Heart of a Writer

“A writer, if he is any good, does not describe. He invents or makes out of knowledge personal and impersonal and sometimes he seems to have unexplained knowledge which could come from forgotten racial or family experience… If you describe someone, it is flat, as a photograph is, and from my standpoint a failure. If you make him up from what you know, there should be all the dimensions.”

So sayeth Ernest Hemingway.

A fledgling writer, I am but I hesitate to even use the word writer since it feels like a title to be earned. But what is there below that? A dawdler, a doodler, a thinker without following through-er?

I don’t brag about my creations; trust me, much of it is not worth bragging about, and I feel a sort of vague disgust when people do. Therein I think, lies my biggest obstacle; judging vs. understanding. Since coming into awareness, and the belief that we are all created equal, having the capacity for so much love, I balk at labeling people.

There was a guy standing on the edge of a very busy road. He was thin, wearing thick glasses, droopy clothing, holding a single grocery bag, waiting for a break in the traffic to be able to cross. I saw him for three seconds, tops, and in that time the first thought that came to mind was that he must be poor. His lips were moving so he must be slightly off-kilter to be talking to himself, and as he stood there he shuffled his feet alternately. I drove by with those first impressions. The image ruminated, and the things that weren’t so obvious came into view; he had been smiling with an open face, the glasses might have been a different prescription than he needed because his mouth was open and his teeth were plainly visible as he strained to see clearly. Most of all, he looked happy. Just happy with who he was, where he was and what he was doing, and even where he was headed to, maybe.

There was a woman behind me at the drugstore. She was talking to a young man, who I assumed was her son. She was brusque, and bullish, striking down everything he said with a harsh “Nope.” It seemed that her son hadn’t received some money that he was owed, and she was sure that if the funds did come through, it wouldn’t be the full amount, or the person owing would renege on the whole thing. She was quite successful in degrading both her son and the unknown person in public. Finally, she grudgingly agreed to lend her son the money (which, no doubt, he would be hounded to pay back very soon) and made her way to the ATM at the front of the store. In order to get there, she had to walk by me. She addressed the floor with her “excuse me” and as she shoved by, I had the clearest vision of the kind of person she was. At a gathering perhaps, she would be the one listening to, sharing and taking in all the gossip, storing it away, to be reproduced some other time when it would serve a juicy purpose. She would be the one who knew more than you, and would verbally stamp all over any opinion that differed from hers. She ate fast food. She smoked. She judged with a flick of her eyes and could see nothing of a stranger beyond the surface.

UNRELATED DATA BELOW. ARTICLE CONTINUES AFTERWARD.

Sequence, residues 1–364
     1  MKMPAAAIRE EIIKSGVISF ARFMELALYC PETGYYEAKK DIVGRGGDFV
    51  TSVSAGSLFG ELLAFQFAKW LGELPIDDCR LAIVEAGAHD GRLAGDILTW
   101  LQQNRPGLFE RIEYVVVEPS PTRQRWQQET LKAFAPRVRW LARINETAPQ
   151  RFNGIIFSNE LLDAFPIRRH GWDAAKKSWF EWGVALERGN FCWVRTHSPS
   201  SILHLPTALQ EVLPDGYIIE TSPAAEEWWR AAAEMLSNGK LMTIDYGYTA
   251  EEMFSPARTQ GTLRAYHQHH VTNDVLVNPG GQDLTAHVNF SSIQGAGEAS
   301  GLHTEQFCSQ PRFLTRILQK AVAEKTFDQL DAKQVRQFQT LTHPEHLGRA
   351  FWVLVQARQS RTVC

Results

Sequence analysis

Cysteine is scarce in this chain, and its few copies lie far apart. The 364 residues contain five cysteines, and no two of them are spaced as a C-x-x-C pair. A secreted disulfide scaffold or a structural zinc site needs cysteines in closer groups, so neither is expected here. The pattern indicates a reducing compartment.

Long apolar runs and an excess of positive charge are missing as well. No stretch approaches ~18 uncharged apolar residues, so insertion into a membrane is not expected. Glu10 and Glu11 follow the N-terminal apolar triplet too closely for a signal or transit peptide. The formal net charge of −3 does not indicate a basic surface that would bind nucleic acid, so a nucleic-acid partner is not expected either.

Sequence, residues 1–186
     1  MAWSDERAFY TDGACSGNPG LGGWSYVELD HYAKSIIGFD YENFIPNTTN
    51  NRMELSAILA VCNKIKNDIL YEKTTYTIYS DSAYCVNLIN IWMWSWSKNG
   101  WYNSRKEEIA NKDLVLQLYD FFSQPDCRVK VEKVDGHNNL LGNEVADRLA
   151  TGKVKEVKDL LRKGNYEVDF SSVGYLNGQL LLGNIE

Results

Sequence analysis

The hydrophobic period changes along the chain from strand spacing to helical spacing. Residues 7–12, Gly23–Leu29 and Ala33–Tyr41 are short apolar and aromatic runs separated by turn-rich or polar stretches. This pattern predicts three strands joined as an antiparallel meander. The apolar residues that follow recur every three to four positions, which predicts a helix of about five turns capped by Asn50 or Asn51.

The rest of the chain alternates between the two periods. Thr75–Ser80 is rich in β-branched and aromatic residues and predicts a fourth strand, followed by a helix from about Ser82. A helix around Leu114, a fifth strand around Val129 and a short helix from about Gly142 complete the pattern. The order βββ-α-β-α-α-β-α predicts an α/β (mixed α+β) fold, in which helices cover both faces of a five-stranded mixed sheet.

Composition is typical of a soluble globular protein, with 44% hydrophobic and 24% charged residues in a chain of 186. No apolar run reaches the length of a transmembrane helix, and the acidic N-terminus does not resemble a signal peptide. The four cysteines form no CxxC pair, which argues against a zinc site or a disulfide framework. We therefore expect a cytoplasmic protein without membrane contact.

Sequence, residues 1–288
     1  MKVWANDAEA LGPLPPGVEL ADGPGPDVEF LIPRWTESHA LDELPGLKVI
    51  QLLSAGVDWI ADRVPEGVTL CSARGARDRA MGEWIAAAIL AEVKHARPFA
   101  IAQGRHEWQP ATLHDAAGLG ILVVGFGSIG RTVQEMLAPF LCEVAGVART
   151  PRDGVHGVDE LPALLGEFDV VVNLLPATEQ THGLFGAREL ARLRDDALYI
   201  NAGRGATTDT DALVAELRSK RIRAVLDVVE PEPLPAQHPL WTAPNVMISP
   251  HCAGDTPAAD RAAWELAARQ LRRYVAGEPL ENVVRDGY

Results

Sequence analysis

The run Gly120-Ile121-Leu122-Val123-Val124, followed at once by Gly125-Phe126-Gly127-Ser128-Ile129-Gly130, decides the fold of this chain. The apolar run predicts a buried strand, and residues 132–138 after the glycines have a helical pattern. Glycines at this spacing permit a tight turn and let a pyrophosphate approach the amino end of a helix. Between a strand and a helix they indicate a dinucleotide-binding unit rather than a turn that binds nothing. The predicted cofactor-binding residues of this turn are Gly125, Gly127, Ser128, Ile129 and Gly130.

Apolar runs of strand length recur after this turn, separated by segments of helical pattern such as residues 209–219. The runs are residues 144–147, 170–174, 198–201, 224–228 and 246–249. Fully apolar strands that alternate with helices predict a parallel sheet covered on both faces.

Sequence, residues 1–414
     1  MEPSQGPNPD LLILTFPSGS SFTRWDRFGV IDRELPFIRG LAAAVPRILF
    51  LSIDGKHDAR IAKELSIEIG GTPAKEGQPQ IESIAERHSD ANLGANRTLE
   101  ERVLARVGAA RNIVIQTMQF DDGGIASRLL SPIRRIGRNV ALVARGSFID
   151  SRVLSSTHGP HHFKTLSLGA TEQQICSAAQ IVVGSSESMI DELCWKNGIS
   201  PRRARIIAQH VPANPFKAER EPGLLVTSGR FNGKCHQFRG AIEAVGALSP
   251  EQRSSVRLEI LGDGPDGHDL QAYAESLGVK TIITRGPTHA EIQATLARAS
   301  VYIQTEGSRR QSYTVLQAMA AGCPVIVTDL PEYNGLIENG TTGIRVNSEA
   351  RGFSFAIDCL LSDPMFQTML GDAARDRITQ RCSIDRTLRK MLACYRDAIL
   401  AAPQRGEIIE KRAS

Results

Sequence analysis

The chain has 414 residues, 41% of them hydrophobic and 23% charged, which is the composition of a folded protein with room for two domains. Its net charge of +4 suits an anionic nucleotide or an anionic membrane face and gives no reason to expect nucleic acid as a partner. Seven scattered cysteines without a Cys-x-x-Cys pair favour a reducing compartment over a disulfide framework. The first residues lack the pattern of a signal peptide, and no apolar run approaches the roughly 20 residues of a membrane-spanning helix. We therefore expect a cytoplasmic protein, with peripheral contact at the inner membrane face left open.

What a strange position for me to be in. With a writer’s mind, I see the characters as they are, in an environment of my choosing, playing out scenes and conversations as I imagine would befit their personalities. Then the Buddha mind speaks up and gently reminds me that it is unkind to judge people; to pigeonhole.

I have struggled with this notion for a while: when you receive inspiration from what is around you, what has happened to you, what you have experienced, who you see, how they behave, how do you vanquish the idea of being judgmental to get down to the creative nitty gritty?

“As a writer, you should not judge, you should understand.”

And right there, it’s quite simple.

The guy crossing the road, the woman in the drugstore; no matter where I put them, they gotta have roots. So that instead of painting a vapid picture, I create a statue with parts and pieces pulled from many memories, an outline that I can fill in with what’s in my mind. Judgment is eliminated and in its place, an open heart and mind, delving into what is already known.

But still, you won’t read about what I’m working on, why I’ve been away, have you missed my writing, and oh, this will be great for my next book. Because I’m not trying to elicit your comments or your personal strokes. That’s just the ego talking, so write like it’s your soul on the page and keep your torment to yourself.

“There is nothing to writing. All you do is sit down at a typewriter and bleed.” 

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One thought on “Heart of a Writer

  1. I agree; it’s often hard to call oneself a writer when we compare ourselves to the likes of Hemingway. I have a literary blog, so I often ponder the idea of what it takes to be a writer. You make some great points in this piece. Keep writing and follow your dreams!

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